Table of Contents
Many analyst/consulting firms have dubbed storage automation as the "next big thing" in storage management. For instance, the Enterprise Storage Group ("storage process automation"), the Yankee Group ("storage automation"), and Strategic Research ("storage operations management") have all weighed in with comprehensive reports on the subject.
Business continuity and disaster recovery have taken on a very high profile, requiring more and more organizations to extend their storage over long distances using a wide area network (WAN).
The promise of iSCSI for early adopters is affordable storage consolidation solutions for server environments where simplicity, flexibility, and price/performance are critical IT decision factors.
RAID systems were developed more than a decade ago to solve the common problem of failed disk drives causing applications to fail and end users to lose access to their data.
Two years ago, it was defense-in-depth. Last year, it was cyber terrorism. Now a new topic is raising quite a few eyebrows in IT organizations: storage security. Until recently, they were independent issues.
When InfoStor polled its readers about their business continuity preparedness, we were somewhat surprised to find that the majority of respondents said they had a plan in place and tested it regularly (i.e., at least once a year).
Snia On Storage
Data storage and networking technologies are changing. Some of those changes could increase your risks of data loss, damage, or unauthorized disclosure of sensitive data.
It's been three years coming, but there are signs that iSCSI may be ready for end-user adoption.
News Analysis Trends
Analysts view EMC's acquisition of Legato, which is expected to be finalized in October, as a win-win for both companies, and most analysts see it as a positive deal for end users—with a few caveats.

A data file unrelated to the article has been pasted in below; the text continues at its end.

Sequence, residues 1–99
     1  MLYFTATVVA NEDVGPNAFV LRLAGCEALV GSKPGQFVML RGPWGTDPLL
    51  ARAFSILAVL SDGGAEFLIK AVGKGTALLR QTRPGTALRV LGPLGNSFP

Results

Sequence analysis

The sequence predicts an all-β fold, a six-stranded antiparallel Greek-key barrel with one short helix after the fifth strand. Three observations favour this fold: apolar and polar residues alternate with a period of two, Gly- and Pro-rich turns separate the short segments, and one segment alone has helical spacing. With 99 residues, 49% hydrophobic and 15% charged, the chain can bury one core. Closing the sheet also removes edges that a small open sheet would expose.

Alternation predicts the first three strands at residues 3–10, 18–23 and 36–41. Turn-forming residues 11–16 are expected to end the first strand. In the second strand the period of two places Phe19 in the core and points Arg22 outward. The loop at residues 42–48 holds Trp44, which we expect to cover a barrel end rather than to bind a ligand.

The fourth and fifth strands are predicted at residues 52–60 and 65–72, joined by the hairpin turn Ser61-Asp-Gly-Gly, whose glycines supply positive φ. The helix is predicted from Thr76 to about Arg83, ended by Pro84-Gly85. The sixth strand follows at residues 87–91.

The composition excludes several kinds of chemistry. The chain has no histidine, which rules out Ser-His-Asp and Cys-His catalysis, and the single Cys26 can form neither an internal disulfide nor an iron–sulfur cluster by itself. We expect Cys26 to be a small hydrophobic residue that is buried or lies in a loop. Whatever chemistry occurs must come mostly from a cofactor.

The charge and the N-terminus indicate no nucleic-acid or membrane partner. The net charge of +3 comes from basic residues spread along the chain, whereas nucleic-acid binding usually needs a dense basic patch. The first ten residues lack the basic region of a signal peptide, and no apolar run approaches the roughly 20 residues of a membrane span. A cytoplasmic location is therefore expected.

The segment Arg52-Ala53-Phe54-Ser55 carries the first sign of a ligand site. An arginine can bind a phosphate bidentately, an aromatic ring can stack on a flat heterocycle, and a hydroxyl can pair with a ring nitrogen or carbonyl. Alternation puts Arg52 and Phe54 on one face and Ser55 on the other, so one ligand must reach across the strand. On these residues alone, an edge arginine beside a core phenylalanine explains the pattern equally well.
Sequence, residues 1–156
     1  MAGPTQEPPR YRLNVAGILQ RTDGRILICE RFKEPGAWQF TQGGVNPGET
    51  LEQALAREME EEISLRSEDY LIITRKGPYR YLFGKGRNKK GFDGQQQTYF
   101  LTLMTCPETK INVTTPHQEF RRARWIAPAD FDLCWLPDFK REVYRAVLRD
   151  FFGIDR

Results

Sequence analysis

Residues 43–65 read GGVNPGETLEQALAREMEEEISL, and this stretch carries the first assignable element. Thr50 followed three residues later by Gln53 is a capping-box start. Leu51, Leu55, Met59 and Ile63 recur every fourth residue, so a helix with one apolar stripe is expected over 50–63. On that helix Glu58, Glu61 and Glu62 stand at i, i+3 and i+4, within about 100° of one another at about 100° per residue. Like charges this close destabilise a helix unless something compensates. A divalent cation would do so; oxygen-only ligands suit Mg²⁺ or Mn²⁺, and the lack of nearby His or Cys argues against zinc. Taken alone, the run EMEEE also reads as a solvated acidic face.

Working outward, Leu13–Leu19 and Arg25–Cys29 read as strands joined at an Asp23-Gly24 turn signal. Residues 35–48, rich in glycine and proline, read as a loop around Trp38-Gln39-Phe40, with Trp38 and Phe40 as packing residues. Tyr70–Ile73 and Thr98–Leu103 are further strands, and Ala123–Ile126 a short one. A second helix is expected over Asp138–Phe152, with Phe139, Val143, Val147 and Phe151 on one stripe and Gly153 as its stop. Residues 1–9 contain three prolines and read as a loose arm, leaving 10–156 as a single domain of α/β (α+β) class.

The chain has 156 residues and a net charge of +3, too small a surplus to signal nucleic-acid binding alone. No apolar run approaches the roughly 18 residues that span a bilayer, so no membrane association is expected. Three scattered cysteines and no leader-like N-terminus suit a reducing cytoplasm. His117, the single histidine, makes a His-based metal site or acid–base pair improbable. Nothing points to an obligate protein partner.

Earlier this summer, Microsoft announced the availability of its iSCSI software initiator package, which includes a software driver and initiator service.
At its annual CA World conference in Las Vegas last month, Computer Associates outlined its vision of on-demand computing and described some of the near-term steps the company plans to take toward that goal.
You would have had to be living under a rock for the past few months to have missed all the vendor noise about SEC 17a, HIPAA, and Sarbanes-Oxley. In fact, many storage vendors have made these new regulations a central focus of their marketing efforts.
Citing limitations to in-band virtualization, MonoSphere claims its out-of-band approach to storage virtualization does not cause single points of failure or use host CPU cycles, and can talk to storage area networks (SANs), network-attached storage (NAS), and direct-attached storage (DAS)—a key differentiator from its competitors, according to analysts.
With the completion of its acquisition of Precise Software earlier this summer and the release of the first products from its acquisition of Jareva Technologies (see "Veritas expands beyond storage," InfoStor, July 2003, p. 8), Veritas is pushing beyond its storage-centric roots and into more direct competition with Computer Associates, IBM/ Tivoli, and EMC.
Reader I O
Let me first clarify the claim that I made in that column (see "Is disk-based backup all that it's cracked up to be?", July 2003, p. 24). I was addressing a reader who wanted to know if staging his backups to disk would improve performance over sending data directly to tape.
Long known for its low cost, heterogeneous file sharing, and simple installation—among other benefits—network-attached storage (NAS) is difficult to manage when scaling beyond the first few appliances.
You may not think iSCSI needs to be saved, what with the market's renewed attention on the IP-based storage I/O alternative to parallel SCSI, Fibre Channel, and Serial ATA. Yet we've been here before, haven't we?